By Nina Polien Light
Photo by Thomas Skernivitz
No wonder she feels at home as the executive director of Stan Hywet Hall and Gardens in Akron.
“Stan Hywet is a microcosm of my work experience, and it’s been fun, too,” she says.
For the last five years Conrad has been tasked with overseeing the strategic direction, operations, financial results, marketing, community outreach, fundraising events, restoration and preservation, and capital projects of the 70-acre property, which will celebrate its centennial next year. She is also responsible for the Estate’s for-profit restoration/preservation company and manages its oil and gas wells. She supervises 95 employees (some are seasonal) and 450 volunteers while reporting to a 25-person board of directors.
Over the years Stan Hywet has become a favorite destination for families, schoolchildren, corporate events, fundraisers, weddings, concerts, and other special occasions. Old English for “stone quarry,” it was built by F.A. Seiberling, founder of The Goodyear Tire and Rubber Co. and co-founder of Seiberling Tire. His family lived there from 1915 until the mid-1950s. A foundation was started in 1957 and the Estate was opened to the public with the mandate to preserve and share the Estate as well as serve as a source for educational, cultural, and recreational enrichment. The property’s eight historical gardens, 65,000-square-foot manor house, and three additional historic buildings make it the sixth-largest historic site in the nation open to the public.
“It’s considered one of the most significant historic estates because of its size and the authenticity of the collection,” Conrad says. “The family gifted the entire Manor House contents, including furnishings, décor, and belongings. Visitors are able to see the house as it was when the family lived here. That’s pretty special.”
More than 100,000 people visit Stan Hywet each year between April 1 and Jan. 2.
Conrad says companies enjoy holding corporate or team-building events at Stan Hywet because it is not a typical meeting or convention space. Still, the historic site offers audiovisual capabilities, catering services, two auditoriums, an air-conditioned conference tent, outdoor spaces, reception gathering areas for evening events, and the services of an event-planning team.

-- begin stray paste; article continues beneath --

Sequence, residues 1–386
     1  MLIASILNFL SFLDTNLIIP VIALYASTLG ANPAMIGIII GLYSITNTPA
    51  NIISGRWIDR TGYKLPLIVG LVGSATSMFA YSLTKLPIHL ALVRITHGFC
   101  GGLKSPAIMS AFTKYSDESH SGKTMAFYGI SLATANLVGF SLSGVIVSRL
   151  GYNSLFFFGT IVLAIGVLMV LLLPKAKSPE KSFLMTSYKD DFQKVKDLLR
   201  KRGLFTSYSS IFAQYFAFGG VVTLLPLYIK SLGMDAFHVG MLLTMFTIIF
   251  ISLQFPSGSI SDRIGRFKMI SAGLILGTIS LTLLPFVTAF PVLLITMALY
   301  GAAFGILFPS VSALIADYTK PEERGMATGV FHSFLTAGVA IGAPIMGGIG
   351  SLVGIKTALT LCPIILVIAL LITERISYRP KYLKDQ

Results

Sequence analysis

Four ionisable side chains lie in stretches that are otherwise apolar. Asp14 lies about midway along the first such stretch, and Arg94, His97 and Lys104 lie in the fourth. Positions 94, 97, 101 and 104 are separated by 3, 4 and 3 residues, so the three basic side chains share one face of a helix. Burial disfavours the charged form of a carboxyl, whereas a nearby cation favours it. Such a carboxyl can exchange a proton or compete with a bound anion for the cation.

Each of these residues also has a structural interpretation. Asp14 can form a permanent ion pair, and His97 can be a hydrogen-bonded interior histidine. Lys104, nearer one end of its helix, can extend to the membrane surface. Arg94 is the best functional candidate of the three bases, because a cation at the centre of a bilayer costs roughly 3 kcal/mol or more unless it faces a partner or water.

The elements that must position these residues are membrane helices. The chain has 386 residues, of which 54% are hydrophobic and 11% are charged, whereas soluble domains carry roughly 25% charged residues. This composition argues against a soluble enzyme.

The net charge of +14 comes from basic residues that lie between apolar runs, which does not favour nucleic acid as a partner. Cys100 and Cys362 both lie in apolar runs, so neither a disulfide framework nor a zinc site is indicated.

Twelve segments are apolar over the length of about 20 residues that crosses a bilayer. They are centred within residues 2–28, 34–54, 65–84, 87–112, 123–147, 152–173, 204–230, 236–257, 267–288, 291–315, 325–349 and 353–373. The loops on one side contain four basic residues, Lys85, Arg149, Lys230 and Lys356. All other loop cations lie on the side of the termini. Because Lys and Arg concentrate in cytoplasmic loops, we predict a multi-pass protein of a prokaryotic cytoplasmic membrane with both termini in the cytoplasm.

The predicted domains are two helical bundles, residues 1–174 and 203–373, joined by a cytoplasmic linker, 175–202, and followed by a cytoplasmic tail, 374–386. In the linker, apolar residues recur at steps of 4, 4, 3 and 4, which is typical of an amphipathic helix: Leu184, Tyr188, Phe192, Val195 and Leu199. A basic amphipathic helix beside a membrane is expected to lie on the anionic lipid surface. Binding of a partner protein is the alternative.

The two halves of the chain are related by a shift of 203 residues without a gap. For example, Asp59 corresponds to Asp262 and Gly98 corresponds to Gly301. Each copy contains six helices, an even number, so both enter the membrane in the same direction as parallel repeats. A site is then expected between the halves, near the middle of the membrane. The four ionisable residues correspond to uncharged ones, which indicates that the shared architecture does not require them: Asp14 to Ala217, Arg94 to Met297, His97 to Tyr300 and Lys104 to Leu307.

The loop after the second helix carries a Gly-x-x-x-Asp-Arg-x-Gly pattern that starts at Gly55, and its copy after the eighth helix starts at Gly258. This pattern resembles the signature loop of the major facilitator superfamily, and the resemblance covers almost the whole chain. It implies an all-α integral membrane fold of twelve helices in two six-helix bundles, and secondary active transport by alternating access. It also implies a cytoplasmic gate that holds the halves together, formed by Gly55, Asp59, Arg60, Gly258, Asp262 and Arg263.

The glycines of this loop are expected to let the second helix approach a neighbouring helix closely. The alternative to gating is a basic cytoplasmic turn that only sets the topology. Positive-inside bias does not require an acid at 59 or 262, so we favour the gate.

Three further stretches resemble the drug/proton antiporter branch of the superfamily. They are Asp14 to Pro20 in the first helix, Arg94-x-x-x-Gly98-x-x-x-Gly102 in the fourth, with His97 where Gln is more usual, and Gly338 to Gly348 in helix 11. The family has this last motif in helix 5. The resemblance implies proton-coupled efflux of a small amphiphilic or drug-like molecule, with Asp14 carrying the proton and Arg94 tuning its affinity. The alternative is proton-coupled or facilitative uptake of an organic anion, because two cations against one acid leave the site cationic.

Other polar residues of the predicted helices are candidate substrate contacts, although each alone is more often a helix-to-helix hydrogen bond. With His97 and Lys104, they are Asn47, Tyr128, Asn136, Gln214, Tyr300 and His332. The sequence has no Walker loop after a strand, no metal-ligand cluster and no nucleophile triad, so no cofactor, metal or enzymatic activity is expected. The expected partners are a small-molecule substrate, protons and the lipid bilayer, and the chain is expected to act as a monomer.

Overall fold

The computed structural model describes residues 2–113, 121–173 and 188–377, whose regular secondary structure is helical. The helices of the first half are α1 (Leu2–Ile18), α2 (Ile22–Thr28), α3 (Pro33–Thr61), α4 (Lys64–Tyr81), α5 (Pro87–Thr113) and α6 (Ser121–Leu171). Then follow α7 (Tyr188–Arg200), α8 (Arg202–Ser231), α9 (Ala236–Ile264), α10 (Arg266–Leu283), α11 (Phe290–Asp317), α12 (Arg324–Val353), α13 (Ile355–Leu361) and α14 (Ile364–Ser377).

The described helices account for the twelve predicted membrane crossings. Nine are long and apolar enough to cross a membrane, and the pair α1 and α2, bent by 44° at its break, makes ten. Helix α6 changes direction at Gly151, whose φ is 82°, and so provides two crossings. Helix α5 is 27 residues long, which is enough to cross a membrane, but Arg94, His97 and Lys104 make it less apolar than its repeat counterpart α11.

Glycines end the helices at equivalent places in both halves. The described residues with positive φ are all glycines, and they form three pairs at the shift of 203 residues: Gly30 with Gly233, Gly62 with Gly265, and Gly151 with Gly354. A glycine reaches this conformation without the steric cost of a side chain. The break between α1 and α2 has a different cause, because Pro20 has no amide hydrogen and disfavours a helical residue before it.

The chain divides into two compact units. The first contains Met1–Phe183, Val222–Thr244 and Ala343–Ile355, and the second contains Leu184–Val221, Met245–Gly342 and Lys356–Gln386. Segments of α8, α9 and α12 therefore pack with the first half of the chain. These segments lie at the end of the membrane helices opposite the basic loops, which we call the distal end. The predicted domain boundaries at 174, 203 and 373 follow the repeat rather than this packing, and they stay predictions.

“We can also arrange manor house tours, grounds tours, live music or whatever the client wants,” she says.
In addition to hosting business events, Stan Hywet holds more than 150 weddings, receptions, and private events each year. It is the home of the Ohio Shakespeare Festival, the Goodyear Band, and The Akron Black Stockings vintage baseball team.
Stan Hywet is host to six large-scale public events annually. Conrad is especially excited about the Estate’s newest fundraiser, Concours d’Elegance, slated for Sept. 20-21. The celebration of style will include rare, priceless historic automobiles as well as vintage fashions, gourmet food, automobile-related art, and music. Collectors from across the country are submitting cars for consideration.
“The rare to priceless display of antique cars will be combined with a fall trend fashion show,” Conrad says. “We’re partnering with Saks 5th Avenue in Cleveland. There will also be specialty tours and high teas.”
Among the featured guests will be Leigh and Leslie Keno, appraisers who appear on The Antiques Road Show, and Wayne Carini from the cable show, Chasing Classic Cars. All proceeds will support Stan Hywet.
Educating and engaging children is an important component of Stan Hywet’s mission. The Estate works with the Akron Public Schools and Akron Public Library to help fifth- and sixth-grade public school students with standards-based learning. They use the Estate’s archives as a primary source for research and the landscape as a learning lab.
New this year is a 5,000-square-foot playgarden featuring a brick Tudor playhouse, bowling lawn, musical entrance area that makes bubbles, 1929 antique Ford truck planted with seasonal flowers and plants, and two bicycles that — when children pedal them — turn on the truck headlights and radio. A splash fountain and Joe’s Dig — a bone-shaped sand pit complete with buried treasure — also provide amusement. “There’s a lot of interactive play, but they also learn something as they go along,” Conrad says. “The playgarden is also teeming with flowers and plants, providing a sensory experience.”
Conrad has learned that running a nonprofit organization is challenging, complicated by its tight margins, but she calls on her financial, business acumen, and leadership skills to see her through. She especially enjoys the community and government outreach aspects of her job.
To female businesswomen, she offers this advice: “Always do the best job you can possibly do, seek additional responsibilities and opportunities, have a great attitude, and develop leadership skills. On a personal level, be kind and generous with your time and talent.”
For more information: stanhywet.org